When toxic wastewater spills in the woods and no one's there to see it, does it leave a mark?
Or, rather, when the agency responsible for the property fails to report it, can it just go away?
These are the questions raised following reports that Alberta Canada's regulatory agency waited eleven days to disclose that 2.5 million gallons had leaked from a ruptured wastewater pipeline belonging to Apache in the province's Zama City, amounting to "the biggest wastewater spill in North American history."
The spill was reportedly first spotted in the remote region on June 1 by a plane belonging to the Texas-based oil and gas company.
“This is a massive spill of toxics into one of the most important wetlands in Canada, if not the world,” said Greenpeace spokesman Keith Stewart. “The government shouldn’t be trying to hide these kinds of things.” He added that the wastewater is "full of toxic compounds."
Local First Nations leaders are pressing the Oil Giant for more information regarding the rupture and subsequent leak.
"There are wildlife impacts and water and land impacts," said Sidney Chambaud, a band councilor with the Dene Tha' tribe, in an interview with The Canadian Press. "Right now within that area the trees, the vegetation and the soil are dead. The water is contaminated."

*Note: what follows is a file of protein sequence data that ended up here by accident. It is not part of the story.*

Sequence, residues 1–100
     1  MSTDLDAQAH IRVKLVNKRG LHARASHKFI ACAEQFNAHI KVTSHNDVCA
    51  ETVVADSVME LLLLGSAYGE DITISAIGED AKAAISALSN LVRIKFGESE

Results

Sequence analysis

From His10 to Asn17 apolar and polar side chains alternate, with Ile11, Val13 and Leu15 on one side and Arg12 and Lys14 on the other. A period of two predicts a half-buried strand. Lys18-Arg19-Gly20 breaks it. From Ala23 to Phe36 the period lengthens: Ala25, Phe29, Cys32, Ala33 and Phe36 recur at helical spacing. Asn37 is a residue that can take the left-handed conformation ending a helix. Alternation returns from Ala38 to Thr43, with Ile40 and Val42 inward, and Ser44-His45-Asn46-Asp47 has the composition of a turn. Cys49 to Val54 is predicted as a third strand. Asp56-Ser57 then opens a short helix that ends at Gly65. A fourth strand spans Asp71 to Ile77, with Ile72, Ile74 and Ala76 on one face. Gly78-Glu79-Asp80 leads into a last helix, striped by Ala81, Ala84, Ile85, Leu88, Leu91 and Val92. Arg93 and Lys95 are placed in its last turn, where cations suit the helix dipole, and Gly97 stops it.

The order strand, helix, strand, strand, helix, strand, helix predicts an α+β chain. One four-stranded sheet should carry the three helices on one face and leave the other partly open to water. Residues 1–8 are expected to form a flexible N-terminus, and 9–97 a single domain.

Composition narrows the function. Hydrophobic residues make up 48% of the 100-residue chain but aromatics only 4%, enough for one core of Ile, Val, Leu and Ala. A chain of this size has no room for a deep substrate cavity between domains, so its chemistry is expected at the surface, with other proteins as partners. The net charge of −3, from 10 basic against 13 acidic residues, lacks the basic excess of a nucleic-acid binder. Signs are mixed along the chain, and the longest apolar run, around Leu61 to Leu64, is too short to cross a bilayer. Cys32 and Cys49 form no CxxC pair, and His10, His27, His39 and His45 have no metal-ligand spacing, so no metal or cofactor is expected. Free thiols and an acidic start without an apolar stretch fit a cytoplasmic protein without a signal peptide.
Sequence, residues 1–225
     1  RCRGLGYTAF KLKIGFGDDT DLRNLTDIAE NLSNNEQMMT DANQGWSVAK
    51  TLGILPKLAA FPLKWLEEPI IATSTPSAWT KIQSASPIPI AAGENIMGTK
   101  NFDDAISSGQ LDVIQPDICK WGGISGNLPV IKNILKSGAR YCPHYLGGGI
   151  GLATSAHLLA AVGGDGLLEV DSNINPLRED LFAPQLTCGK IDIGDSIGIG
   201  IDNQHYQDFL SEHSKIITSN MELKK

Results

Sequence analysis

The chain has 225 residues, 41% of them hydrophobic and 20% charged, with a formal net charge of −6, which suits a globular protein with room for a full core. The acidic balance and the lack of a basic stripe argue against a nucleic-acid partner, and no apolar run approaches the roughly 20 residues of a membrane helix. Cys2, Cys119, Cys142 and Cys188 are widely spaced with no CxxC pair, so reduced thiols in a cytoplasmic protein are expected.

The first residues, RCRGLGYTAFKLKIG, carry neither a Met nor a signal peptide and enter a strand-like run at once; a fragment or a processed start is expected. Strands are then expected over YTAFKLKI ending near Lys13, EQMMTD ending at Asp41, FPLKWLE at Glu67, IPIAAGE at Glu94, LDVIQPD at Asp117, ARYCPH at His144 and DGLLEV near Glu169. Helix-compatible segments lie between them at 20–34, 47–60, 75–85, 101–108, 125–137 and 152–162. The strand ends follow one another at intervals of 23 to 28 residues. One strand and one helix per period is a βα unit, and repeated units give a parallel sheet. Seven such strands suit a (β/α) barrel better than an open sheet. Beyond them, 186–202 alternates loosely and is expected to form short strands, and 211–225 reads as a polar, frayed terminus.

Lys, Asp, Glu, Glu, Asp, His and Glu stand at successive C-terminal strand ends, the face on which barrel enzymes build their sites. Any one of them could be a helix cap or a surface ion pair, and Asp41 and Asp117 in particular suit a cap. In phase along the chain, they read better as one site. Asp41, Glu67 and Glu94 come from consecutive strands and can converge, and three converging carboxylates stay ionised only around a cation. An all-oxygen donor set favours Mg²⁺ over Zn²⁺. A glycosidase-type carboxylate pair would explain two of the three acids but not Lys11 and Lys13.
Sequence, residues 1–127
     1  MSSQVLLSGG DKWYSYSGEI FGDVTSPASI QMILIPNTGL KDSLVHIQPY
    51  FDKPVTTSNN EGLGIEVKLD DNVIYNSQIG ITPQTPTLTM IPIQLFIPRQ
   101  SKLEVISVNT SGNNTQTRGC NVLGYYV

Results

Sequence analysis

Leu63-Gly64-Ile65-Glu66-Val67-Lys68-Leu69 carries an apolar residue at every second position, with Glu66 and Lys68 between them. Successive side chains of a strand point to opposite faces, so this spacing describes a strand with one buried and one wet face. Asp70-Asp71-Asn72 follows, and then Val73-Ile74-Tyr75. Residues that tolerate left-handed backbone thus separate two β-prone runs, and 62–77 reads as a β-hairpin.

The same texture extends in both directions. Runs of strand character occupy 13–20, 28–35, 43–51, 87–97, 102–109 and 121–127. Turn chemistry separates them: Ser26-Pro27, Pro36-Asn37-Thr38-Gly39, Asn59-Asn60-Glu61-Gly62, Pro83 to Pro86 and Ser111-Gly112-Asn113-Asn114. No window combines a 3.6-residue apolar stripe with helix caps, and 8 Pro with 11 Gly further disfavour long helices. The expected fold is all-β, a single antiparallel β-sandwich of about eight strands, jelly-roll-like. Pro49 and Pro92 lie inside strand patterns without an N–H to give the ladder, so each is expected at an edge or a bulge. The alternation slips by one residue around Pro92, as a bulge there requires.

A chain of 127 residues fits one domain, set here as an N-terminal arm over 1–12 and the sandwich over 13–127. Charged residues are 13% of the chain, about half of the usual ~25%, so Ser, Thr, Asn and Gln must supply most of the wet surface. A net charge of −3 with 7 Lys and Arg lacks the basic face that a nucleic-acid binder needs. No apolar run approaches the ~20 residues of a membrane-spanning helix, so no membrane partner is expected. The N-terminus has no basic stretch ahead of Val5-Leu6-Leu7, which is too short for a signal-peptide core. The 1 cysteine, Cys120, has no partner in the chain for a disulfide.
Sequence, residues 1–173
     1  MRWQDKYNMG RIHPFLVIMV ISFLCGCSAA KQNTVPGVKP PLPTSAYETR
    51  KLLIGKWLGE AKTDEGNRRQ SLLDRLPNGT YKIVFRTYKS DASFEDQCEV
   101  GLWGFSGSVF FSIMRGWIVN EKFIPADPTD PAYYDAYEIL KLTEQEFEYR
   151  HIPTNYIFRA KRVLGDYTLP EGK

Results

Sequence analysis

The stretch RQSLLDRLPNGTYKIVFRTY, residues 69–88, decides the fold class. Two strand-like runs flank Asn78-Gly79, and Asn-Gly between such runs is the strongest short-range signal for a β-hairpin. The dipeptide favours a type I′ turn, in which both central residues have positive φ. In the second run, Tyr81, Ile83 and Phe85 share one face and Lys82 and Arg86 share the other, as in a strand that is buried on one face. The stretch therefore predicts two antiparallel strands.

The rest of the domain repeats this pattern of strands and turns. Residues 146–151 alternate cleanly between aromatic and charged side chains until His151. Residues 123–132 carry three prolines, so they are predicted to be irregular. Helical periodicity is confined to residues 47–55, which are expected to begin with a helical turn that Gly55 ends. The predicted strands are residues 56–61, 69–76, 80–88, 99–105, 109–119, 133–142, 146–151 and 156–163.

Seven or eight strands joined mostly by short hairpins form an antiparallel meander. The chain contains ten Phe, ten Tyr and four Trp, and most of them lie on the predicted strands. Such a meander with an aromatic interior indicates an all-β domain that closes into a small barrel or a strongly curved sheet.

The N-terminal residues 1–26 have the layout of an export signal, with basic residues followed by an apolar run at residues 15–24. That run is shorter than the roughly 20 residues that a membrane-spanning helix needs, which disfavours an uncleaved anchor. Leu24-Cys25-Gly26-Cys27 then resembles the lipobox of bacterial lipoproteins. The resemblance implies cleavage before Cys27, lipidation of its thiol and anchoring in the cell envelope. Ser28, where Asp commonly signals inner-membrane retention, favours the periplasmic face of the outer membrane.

The Press continues:
Chambaud said the 42-hectare spill is so large it raises questions about how long the pipeline that carries water used in oil and natural gas operations had been leaking.
He said some band members believe the pipeline had been leaking since the winter, but no one noticed it until earlier this month.
"There are indications that the spill occurred earlier, during the winter season, but due to ice and snow it wasn't discovered."
Chambaud said water from the spill has leaked into a stream that runs through a small aboriginal community and onto land used by band members to hunt and trap.
Following news of the spill, Bob Curran, a spokesman for Alberta's ERC Board told the Huffington Post that at first it didn't seem necessary to alert the public of the leak. He added that there are hundreds of spills every year in Alberta and that the agency doesn't alert people "unless there is a public or environmental impact, or an ongoing operational issue."